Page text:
Also it’s extremely hard to lip read someone when…
1) They have a facial hair
2) Covering their mouths when talking
3) Chewing/having food in mouth while talking
4) Having anything near their face. Example: scarf, hand
5) Bad lighting in the area
6) Over exaggerating their mouth movements
7) Facing away mid-talking
9) Barely moving mouth when speaking
What to do when you’re with someone who lip reads…
1) Make sure you’re in a good area of lighting. Ask if the person can see/read your lips before speaking any farther
2) Make sure you aren’t chewing anything while talking
4) Leave your hands away from your face
5) Have minimal facial hair possible. This especially when you know you’ll be communicating with a lipreader daily
6) Speak slowly, clearly.
7) If they ask you to repeat, please do so.
8) Face them when speaking - this IS important of course.
Thrifted this little gem. Maybe useful if I meet someone both Korean and deaf. Korean sign language is a bit different than ASL. Besides having signs for specifics like 오빠 언니 형 and 누나 the signs are different. Culturally giving the finger isn’t going to go over well in America.
미안합니다! I totally didn’t realize I cut off some of the picture I am about to post another. ^^;;; 잘못해서
The 11 Dos and Don’ts of Dealing with a Deaf Person
DON’T over-enunciate your speaking. No offense, but you do seem a little silly doing it.
DON’T invade personal space. The closer your face is to mine, the harder it is for me to read your lips.
DON’T yell … it doesn’t really help. I mean … it’s like waving at a blind person.
DON’T turn your face away, block your mouth, or move around when you’re speaking to me. Again, lip reading.
DON’T speak really slow or really fast. One makes me impatient, and the other stresses me out.
DON’T assume that because I can’t hear means I CAN’T hear. Some of us have residual hearing … and some use hearing aids and/or cochlear implants.
DON’T assume, though, that if I can hear you, it means I can understand you. Please don’t.
DON’T assume I can’t do anything else just because I’m Deaf. We CAN write. We CAN read, We CAN learn. We CAN talk. We CAN enjoy music. We CAN drive!! :-) We CAN do anything … except hear!! :-)
DON’T treat me like a child who needs a lot of help. Really. I can do it myself, and if I want your help, I WILL ask for it.
DON’T be afraid of me. I am a human with a soul and feelings and a mind. I won’t care if you don’t speak my language, and it means so much to me that you would try to communicate with me anyway.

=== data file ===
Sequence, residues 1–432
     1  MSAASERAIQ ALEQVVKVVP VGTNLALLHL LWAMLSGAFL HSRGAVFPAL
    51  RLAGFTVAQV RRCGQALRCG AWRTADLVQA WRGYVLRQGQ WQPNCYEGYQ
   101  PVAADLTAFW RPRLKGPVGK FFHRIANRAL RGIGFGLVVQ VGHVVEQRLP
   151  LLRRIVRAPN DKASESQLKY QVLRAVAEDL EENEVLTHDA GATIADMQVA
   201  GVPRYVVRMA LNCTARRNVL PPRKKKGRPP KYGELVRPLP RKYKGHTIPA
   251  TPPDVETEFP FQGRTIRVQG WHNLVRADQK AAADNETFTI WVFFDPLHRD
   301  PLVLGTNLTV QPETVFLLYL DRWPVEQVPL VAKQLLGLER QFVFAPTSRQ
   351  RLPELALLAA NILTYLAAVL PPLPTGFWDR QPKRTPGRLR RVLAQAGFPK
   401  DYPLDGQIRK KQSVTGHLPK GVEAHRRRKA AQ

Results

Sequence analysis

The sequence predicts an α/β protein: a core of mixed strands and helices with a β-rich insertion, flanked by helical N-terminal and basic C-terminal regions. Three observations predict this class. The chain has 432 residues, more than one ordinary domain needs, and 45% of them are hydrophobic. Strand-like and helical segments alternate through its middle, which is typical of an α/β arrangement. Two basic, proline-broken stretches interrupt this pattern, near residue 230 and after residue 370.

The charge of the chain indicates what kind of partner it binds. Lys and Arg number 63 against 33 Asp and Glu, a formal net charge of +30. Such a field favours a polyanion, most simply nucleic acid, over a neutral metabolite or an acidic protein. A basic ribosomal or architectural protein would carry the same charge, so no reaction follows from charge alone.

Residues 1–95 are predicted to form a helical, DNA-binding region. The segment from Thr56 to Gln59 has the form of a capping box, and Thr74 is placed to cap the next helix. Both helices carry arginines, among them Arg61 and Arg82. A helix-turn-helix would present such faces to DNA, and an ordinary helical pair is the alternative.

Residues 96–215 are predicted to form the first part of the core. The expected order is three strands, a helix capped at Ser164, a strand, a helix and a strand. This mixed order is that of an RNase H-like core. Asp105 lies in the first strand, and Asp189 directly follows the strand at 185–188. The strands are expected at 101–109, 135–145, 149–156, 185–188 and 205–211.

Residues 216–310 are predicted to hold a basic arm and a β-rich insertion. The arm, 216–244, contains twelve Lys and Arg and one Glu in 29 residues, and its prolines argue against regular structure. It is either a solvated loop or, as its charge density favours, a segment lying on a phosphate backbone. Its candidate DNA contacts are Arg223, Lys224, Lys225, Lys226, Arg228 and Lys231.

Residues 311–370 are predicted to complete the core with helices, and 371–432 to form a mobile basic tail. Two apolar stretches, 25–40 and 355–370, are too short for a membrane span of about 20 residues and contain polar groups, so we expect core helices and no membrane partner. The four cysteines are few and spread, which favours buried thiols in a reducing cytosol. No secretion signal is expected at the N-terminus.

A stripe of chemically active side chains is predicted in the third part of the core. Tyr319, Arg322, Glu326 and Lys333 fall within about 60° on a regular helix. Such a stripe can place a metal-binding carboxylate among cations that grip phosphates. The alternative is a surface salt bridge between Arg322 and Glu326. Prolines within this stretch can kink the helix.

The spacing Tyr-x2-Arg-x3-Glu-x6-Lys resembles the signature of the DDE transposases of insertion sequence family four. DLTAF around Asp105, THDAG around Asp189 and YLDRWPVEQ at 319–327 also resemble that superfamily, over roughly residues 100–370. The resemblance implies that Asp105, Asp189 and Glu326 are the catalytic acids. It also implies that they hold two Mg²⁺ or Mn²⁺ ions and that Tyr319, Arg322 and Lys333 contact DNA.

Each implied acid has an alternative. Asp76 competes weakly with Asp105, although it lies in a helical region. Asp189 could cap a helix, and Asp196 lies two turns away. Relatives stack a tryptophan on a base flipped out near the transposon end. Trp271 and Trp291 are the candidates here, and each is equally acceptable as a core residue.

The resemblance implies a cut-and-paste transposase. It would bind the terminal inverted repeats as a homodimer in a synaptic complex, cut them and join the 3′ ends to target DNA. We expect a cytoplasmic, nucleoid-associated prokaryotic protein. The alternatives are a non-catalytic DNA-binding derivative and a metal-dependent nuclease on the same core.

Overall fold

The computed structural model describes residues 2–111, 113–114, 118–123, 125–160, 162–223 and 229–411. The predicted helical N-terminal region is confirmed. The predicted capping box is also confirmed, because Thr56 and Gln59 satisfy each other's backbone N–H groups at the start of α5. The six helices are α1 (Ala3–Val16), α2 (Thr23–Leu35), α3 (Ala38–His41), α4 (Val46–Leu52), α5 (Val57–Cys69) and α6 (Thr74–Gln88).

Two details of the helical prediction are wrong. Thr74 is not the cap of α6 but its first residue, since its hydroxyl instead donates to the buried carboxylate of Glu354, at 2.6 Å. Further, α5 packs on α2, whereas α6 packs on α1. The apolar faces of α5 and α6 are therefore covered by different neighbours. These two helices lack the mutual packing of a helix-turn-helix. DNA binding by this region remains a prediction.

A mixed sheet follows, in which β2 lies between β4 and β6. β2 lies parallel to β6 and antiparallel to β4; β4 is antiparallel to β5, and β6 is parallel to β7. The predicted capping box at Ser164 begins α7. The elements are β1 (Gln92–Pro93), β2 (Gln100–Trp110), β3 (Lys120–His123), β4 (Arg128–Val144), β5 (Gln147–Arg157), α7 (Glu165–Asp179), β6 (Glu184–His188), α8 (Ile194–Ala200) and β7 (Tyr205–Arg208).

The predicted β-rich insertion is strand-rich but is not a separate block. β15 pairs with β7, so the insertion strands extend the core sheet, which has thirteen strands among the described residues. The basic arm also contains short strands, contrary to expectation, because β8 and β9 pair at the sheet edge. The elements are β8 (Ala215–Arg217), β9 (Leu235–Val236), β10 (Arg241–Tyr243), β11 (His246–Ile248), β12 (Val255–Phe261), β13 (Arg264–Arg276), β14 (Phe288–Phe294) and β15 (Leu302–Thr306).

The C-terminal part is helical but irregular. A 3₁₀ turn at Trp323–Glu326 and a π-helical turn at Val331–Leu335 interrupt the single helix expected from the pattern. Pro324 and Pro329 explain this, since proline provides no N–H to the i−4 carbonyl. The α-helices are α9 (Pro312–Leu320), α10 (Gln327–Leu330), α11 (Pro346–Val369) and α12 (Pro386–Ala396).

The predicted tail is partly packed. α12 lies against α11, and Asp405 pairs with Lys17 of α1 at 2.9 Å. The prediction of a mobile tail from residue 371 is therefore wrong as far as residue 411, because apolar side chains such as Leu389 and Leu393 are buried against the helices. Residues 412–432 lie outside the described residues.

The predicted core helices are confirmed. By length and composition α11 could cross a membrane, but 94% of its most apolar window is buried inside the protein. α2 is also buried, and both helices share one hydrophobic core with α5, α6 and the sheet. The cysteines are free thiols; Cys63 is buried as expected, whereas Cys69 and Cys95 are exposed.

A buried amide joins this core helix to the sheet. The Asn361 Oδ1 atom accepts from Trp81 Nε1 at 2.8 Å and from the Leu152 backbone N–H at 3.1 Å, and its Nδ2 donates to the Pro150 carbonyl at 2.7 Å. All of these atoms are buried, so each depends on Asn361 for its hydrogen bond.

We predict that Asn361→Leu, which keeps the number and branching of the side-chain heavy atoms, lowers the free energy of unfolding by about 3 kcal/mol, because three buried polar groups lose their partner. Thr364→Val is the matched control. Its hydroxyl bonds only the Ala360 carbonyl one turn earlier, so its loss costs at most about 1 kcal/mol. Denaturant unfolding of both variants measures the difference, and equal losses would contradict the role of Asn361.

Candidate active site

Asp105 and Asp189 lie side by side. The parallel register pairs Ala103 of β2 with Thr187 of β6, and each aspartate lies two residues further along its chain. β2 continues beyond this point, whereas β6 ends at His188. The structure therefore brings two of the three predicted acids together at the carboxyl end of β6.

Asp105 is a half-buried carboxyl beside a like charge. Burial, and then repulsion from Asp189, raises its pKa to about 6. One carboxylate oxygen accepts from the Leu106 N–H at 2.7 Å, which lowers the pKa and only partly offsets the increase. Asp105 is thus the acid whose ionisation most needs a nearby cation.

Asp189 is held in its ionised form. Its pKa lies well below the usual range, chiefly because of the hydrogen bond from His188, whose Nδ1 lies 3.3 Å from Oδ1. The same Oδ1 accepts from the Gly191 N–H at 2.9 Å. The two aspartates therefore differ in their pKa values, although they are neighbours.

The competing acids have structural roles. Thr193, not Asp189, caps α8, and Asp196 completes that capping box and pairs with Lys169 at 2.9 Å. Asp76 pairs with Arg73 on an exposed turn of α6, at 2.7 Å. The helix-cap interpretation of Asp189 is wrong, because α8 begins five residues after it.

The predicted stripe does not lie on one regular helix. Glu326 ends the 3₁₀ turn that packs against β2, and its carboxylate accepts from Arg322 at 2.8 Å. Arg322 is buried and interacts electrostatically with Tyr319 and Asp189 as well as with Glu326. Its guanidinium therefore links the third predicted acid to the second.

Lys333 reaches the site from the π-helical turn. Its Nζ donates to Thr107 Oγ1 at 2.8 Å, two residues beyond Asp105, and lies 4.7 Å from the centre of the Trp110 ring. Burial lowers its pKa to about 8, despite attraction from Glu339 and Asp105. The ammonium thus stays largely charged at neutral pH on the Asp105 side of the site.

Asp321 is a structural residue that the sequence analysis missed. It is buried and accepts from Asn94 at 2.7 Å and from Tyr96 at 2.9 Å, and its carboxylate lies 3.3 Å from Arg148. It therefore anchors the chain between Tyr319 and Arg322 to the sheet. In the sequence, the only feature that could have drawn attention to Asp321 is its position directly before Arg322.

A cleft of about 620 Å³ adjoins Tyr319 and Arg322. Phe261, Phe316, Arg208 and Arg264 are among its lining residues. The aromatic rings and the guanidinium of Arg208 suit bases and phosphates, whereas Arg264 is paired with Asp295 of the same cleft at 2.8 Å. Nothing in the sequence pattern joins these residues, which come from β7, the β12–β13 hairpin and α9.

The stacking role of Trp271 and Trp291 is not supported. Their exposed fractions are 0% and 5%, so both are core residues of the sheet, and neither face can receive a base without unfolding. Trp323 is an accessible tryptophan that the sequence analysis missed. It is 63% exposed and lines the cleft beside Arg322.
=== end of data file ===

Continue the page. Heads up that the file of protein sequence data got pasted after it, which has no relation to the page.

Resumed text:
DON’T be afraid to ask to learn my language. I will gladly teach it to you.
DO be thoughtful of my needs. Maybe I will need an interpreter for an important talk. Maybe I need subtitles for a video. All you need to do is ask me.
DO be considerate of me when I am around. Maybe I have not heard something is happening, and I need to be made aware. Let me know!
DO keep trying to learn to talk with me. It can get awkward and embarrassing, and hard. But that is okay; I am still helping you, and your efforts means the world to me.
DO make sure I understand you, and you understand me. Always. Pretending with a “I understand” nod … does not help. And if you ever catch me doing the same, call me out on it. I mean it.
DO try to include me in your group of friends or any social situation, even if I am the only signing Deaf person there. Your inclusion of me means everything.
DO be patient with me. I am trying to be patient with you, I really am. The communication barrier between us can be broken one day as long as we both keep trying.
DO learn something about my language and my culture and what our ways and views mean to us. If you will gladly learn some things about POC history and other countries and cultures and languages, then there is no reason to ignore Deaf history and culture. We exist, too.
DO be an advocate for my language and my culture and my history. You as a hearing person have the bigger, louder voice, so your voice in this world about us really does mean a lot.
DO learn not to take anything personally when you meet some of my culture’s slightly prouder and bolder people. Some Deaf people may not welcome you very much. That’s okay. We’re just protecting ourselves, but deep down, we do appreciate your efforts to interact with us.
DO be stubborn with me. I can be stubborn and proud about my ways. You can, too, and yet, you can still make a difference in our world!
DO love me. Sometimes I may not seem like I do, but I really do love you. The hearing world is an equally, genuinely beautiful world, just like the Deaf world.